Don’t be fooled: North Stradbroke Island may sit just 30 kilometres east of Brisbane’s Cleveland but it feels a world away.
Brisbane folks can easily access the island via ferry, water taxi or flyer. Of course, if you wanted the more money-friendly route, take the Stradbroke Ferry. Departing from Toondah Harbour in the town of Cleveland and docking at Dunwich, these trips take approximately 45 minutes each way. A return trip ticket costs only $16 per person (prices increase with a car), so we’d say that’s an affordable holiday.
The whole trip takes around two hours from Brisbane CBD, but once you plonk your bare feet onto the shore, it’ll be worth the journey.
What to Do
Manta Lodge & Scuba Centre offers scuba diving trips from Friday to Tuesday. With experienced guides and over 15 dive sites to visit, this is popular all year round. Dive down below and try to spot manta rays and leopard sharks in summer and grey nurse sharks and humpback whales in winter. If you haven’t been certified as an open water diver – no worries, you can sign up for the try scuba diving program.
Go for a dip in Brown Lake, the tea-stained water is due to the surrounding trees’ shadows. Sitting in Dunwich, you’ll notice how quiet and serene it is (not many tourists end up going). The best way to reach the lake is by car because the walk there is quite strenuous. The water, although brown, is quite cool and refreshing on a hot summer day.
Brighten up your day with a nice and early kayak tour. Setting off at 8:30, start the kayaking adventure to Peel Island. The whole tour takes four hours, and you’ve got to stop along the way to spot dugongs, turtles and dolphins playing in the bay. Near Peel Island is the Shipwreck of the Platypus which sank in 1930. From here, get your flippers and snorkels out to swim out to the wreckage.
Located right near Dunwich, sandboarding is a fun way to spend a day in Straddie. Kingfisher Tours provide the boards and the speed wax so all you have to remember is your sunscreen and camera. You won’t want to miss those epic stacks.
North Gorge Walk
Stride it out on the breathtaking North Gorge Walk. It loops its way across jutting twin headlands for 1.5 kilometres (around 45 minutes). Witness the migrating humpback whales, and giant sea turtles riding the waves below the boardwalk.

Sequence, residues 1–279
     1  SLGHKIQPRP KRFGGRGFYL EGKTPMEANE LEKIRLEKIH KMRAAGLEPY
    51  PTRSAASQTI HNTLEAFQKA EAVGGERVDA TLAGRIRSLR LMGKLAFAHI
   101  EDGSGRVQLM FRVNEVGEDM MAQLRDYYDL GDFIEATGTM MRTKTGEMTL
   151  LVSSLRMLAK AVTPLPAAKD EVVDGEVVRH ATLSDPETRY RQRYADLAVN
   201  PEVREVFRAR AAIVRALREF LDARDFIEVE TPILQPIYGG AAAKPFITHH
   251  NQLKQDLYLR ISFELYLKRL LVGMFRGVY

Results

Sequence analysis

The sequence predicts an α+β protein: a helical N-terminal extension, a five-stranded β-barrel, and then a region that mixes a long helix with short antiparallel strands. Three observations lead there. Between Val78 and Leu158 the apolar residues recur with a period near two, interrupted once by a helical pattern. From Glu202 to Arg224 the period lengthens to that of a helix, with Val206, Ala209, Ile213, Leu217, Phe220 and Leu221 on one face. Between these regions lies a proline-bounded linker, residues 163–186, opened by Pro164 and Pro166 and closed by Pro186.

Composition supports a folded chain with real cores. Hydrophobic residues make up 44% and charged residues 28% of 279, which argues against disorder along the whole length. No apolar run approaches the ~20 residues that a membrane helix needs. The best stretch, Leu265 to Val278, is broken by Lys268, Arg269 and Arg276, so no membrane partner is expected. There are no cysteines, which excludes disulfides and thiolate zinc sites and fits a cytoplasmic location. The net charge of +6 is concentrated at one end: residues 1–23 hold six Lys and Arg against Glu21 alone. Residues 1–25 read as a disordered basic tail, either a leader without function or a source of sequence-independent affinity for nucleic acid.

Explore Deadman’s Beach
In 1902 a ship sunk in the Coral Sea just off Point Lookout. 50 years later, a skeleton and boot were uncovered in a nearby beach, hence the name, Deadman’s Beach. Putting the horrible history behind, this beach is one of the prettiest spots in the whole of Straddie. If you sit on the top of the grassy hill you can easily spot the annual migration of humpback whales. On the other end of the beach lay rock pools and a massive sand dune.
Where to Eat
Start the day in Dunwich for orange almond cake and coffee from Island Fruit Barn. Then after some exploring in the area, you’ll start to get hungry for a lunch feast. Head to the quaint seafarers’ haunt The Little Ship Club for a classic serve of fish and chips and a cold beer, with views out across Moreton Bay.
And before you head for dinner, don’t forget to reward yourself for all that exploring with a creamy mango cone from Oceanic Gelati in Point Lookout. Then walk around 20 minutes up the road to The Stradbroke Island Beach Hotel for dinner. It’s unmissable for sundowners and a classic pub grub served with a generous helping of stunning sea views.
Where to Stay
Find your accommodation in the mixture of privately-owned beach shacks, self-contained apartments, resorts and camp spots perched on the road into Point Lookout – an ideal base for day trips and island adventures.
Camping (or glamping) is the best way to accurately see an area. North Stradbroke Island is home to tonnes of campsites, it just depends on which part of the island you want to sleep on.
On the east side of the island, you’ll hit Amity Point. Offering glamping, camping and cabins. They’ve got all the facilities available, including free Wi-Fi, for those who can’t unplug for a weekend.
Right up the top in Point Lookout sits Cylinder Beach. This location is more centred towards the hub of town. It’s extremely close to the shops and eateries, plus art galleries and markets. Set up the tent on the unpowered site and run to catch a wave in the surf.
If its beach camping you’re interested in, Main Beach, located in Dunwich, is your ticket to roughing it. With 4WD access only and a dog-friendly campground, you’ll be guaranteed to make lifetime memories. So far the cheapest site, at under $20 per person, you’re only steps away from the water. Hot tip – don’t forget to bring your own toilet.
The hotels and resorts on the island are scattered along the coastal regions. They offer beachfront views with excellent service and almost always provide parking areas for guests. You won’t find any 5-star private villas out here and that’s not necessarily a bad thing. Each accommodation brings a high level of comfort to the rooms and it will truly feel like home.
The Allure Resort Stradbroke Island, Pandanus Palms Resort and Stradbroke Island Beach Hotel are all huddled around the same area. Each of these locations offers rooms with full kitchens, therefore giving you the self-contained options.